Associations of Vascular Risk Factors and APOE Genotype With Perivascular Spaces Among Community-Dwelling Older Adults

Anna Laveskog, Rui Wang, Davide L. Vetrano, Lena Bronge, Lars Olof Wahlund, Chengxuan Qiu

Research output: Contribution to journalArticlepeer-review


Background Evidence suggests that enlarged perivascular spaces (PVSs) may represent a marker for cerebral small-vessel disease. We investigated whether vascular risk factors are correlated with visible PVS in older adults. Methods and Results This population-based study included 530 participants (age ≥60 years) who were free from dementia and functional dependence, derived from the Swedish National study on Aging and Care in Kungsholmen (2001-2003). We collected data on demographics, vascular risk factors, and health conditions through interviews, clinical examinations, laboratory tests, and patient registers. Cerebral PVSs and white matter hyperintensities on magnetic resonance images were visually assessed with semiquantitative visual rating scales. Data were analyzed using the general linear regression models. After controlling for demographics and cardiovascular disease, very high blood pressure (≥160/100 mm Hg) was significantly associated with global PVS score (β-coefficient, 1.30; 95% CI, 0.06-2.53) and orthostatic hypotension was associated with PVS score in the basal ganglia (β-coefficient 0.37; 0.03-0.70), but the associations became non-significant when adjusting for white matter hyperintensity load. Orthostatic hypotension was significantly associated with global and lobar PVS scores in carriers but not in noncarriers of the APOE ε4 allele. Global or regional PVS score was not significantly associated with other traditional vascular risk factors such as smoking, diabetes mellitus, physical inactivity, and overweight or obesity. Conclusions This study provides limited evidence supporting a correlation of magnetic resonance imaging-visible PVS with traditional vascular risk factors in older adults. The association of orthostatic hypotension with lobar PVS among APOE ε4 carriers suggests that lobar PVS may be a marker for amyloid-associated small-vessel disease.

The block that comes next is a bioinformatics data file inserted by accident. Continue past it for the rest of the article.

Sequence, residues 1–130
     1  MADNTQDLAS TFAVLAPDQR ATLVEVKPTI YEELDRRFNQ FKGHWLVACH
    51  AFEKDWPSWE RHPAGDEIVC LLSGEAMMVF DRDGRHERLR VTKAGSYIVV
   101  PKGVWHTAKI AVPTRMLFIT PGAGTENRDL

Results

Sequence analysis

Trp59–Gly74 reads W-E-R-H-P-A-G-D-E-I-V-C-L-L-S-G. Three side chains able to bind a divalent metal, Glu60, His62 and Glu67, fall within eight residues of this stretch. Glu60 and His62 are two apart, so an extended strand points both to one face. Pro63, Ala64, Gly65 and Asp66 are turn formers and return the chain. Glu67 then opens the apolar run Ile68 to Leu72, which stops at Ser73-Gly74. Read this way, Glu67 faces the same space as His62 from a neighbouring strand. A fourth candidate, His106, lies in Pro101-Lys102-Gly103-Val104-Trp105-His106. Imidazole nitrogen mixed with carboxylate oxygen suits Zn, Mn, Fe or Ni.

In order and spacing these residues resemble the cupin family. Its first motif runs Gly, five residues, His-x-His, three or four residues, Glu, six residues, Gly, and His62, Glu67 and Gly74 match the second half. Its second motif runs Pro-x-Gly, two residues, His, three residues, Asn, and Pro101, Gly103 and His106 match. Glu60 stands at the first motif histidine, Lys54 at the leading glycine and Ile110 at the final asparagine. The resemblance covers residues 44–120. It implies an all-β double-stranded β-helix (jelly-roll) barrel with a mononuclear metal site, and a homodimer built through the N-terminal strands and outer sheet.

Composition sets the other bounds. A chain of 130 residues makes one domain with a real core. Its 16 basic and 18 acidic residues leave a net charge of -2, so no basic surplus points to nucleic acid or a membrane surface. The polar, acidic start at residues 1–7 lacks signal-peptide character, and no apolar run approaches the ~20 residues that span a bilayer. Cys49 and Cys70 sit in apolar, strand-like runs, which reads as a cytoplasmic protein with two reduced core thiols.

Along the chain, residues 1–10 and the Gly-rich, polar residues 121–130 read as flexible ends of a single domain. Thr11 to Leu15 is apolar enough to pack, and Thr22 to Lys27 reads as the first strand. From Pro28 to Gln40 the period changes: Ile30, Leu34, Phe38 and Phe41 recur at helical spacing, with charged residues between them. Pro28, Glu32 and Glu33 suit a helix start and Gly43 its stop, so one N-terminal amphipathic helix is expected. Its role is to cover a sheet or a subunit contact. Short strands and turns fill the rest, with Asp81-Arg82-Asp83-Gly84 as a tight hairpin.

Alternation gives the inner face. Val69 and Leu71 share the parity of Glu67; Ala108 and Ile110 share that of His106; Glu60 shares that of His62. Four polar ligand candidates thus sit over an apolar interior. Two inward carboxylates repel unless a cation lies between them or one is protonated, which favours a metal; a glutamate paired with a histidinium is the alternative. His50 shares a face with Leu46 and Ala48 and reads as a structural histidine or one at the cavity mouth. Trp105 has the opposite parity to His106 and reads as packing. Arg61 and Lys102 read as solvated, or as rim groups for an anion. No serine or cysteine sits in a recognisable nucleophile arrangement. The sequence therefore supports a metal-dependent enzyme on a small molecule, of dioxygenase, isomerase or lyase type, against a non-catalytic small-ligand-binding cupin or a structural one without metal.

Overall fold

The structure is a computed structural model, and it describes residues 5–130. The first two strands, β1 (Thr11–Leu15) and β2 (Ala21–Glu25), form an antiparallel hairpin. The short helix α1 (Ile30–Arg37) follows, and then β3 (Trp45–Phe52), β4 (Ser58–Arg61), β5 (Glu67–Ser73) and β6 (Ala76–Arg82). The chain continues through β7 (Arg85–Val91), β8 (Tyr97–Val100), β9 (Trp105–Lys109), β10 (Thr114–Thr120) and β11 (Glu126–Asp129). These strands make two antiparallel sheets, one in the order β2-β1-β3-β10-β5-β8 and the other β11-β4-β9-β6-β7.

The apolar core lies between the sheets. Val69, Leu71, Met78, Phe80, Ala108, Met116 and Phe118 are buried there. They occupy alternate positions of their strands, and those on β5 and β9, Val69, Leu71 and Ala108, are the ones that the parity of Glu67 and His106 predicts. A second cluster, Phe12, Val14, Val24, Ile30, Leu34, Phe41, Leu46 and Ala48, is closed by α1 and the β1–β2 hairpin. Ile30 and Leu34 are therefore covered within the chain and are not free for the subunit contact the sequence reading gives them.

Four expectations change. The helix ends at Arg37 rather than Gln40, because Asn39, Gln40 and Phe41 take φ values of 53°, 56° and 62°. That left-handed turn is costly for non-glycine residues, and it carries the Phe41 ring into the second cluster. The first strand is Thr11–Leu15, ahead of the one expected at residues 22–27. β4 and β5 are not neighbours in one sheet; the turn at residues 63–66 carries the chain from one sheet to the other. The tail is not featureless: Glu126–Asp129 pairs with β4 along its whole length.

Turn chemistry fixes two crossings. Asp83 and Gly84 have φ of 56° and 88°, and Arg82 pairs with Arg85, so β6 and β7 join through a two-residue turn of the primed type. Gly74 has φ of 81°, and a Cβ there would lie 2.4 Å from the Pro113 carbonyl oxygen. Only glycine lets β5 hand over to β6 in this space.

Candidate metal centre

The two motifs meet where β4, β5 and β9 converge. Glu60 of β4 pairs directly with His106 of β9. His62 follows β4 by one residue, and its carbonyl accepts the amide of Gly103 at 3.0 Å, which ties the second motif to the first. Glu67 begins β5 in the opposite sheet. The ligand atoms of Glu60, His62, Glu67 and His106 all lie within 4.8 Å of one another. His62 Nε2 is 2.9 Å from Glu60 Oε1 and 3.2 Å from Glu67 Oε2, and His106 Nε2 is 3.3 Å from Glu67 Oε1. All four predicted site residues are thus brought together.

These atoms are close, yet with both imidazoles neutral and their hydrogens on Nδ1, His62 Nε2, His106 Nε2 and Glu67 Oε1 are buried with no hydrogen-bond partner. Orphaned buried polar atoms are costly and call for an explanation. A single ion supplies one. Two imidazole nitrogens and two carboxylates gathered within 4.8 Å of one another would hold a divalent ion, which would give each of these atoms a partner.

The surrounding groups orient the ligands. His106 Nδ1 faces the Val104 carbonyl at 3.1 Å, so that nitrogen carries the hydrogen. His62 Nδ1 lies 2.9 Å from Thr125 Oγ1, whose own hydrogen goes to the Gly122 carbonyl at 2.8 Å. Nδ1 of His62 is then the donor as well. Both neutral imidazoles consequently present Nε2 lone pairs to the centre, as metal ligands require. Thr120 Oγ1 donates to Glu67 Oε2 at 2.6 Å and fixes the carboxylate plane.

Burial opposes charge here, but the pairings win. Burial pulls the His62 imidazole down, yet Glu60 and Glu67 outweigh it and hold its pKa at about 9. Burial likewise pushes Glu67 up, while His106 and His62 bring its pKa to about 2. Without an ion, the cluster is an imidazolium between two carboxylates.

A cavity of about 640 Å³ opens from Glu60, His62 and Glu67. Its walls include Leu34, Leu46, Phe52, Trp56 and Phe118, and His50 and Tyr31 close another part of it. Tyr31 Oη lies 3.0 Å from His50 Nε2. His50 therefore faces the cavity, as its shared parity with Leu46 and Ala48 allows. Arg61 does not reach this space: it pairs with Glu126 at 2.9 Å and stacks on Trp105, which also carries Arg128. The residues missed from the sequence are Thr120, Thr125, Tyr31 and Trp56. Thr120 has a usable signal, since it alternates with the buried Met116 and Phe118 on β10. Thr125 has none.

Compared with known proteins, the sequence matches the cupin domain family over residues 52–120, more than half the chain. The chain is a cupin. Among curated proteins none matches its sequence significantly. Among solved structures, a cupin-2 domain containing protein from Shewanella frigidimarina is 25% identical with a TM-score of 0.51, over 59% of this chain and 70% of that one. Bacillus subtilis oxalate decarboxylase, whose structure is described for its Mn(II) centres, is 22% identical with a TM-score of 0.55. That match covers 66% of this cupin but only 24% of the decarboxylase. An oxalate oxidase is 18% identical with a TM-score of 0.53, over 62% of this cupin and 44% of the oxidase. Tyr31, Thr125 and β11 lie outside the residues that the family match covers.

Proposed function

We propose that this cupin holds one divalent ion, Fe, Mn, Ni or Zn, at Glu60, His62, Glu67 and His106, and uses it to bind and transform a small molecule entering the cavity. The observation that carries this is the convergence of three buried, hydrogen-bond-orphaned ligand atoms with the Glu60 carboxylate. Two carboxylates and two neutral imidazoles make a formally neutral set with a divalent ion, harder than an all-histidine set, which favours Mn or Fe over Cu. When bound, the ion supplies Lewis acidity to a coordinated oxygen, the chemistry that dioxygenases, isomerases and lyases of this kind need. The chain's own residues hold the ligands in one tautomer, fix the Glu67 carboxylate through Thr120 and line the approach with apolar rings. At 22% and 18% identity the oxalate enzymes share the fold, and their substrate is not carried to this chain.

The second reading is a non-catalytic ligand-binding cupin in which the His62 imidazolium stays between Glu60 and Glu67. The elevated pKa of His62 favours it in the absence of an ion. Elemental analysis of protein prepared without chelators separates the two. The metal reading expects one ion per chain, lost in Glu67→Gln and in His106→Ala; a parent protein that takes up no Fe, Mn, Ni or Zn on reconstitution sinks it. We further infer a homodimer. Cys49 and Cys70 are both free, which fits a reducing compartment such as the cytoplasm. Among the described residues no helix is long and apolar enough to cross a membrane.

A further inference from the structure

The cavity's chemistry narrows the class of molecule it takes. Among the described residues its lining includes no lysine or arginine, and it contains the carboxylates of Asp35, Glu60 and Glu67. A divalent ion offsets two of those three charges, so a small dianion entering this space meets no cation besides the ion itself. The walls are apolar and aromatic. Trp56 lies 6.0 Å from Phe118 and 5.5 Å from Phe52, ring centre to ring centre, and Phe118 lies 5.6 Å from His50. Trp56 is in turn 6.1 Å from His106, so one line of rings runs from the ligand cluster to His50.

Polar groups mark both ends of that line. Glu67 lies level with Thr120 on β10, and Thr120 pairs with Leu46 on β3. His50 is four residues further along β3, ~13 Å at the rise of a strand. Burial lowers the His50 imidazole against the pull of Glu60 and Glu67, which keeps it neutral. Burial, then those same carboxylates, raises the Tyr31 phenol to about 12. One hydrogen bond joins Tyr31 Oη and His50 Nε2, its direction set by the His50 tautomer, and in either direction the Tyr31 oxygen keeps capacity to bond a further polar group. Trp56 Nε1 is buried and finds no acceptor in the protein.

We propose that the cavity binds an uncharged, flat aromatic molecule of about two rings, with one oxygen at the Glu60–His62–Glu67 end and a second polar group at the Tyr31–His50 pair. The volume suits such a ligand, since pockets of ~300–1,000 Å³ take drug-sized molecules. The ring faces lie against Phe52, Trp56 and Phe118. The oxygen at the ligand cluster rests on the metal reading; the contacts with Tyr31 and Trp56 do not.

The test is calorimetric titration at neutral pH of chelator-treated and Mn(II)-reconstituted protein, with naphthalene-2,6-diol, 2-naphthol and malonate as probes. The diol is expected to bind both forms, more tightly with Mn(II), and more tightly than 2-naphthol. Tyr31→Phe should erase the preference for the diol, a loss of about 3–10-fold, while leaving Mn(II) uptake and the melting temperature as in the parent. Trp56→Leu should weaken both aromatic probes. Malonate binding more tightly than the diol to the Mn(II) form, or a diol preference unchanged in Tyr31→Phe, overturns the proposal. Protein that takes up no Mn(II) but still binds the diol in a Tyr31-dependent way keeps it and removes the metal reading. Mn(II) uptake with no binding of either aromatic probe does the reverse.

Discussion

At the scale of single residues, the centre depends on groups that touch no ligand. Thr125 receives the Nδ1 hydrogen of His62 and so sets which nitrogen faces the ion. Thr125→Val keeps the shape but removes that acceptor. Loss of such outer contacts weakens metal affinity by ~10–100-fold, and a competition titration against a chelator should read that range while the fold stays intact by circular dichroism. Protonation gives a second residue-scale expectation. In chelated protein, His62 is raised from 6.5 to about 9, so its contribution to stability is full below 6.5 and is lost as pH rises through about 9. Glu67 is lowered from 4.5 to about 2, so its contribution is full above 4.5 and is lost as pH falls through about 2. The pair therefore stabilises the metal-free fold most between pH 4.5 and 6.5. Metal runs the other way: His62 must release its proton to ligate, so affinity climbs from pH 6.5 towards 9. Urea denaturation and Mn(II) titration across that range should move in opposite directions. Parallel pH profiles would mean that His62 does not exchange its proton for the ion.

Original languageEnglish
Pages (from-to)e015229
JournalJournal of the American Heart Association
Issue number16
Publication statusPublished - Aug 18 2020
Externally publishedYes


  • APOE genotype
  • brain aging
  • magnetic resonance imaging
  • perivascular spaces
  • vascular risk factors

ASJC Scopus subject areas

  • Cardiology and Cardiovascular Medicine


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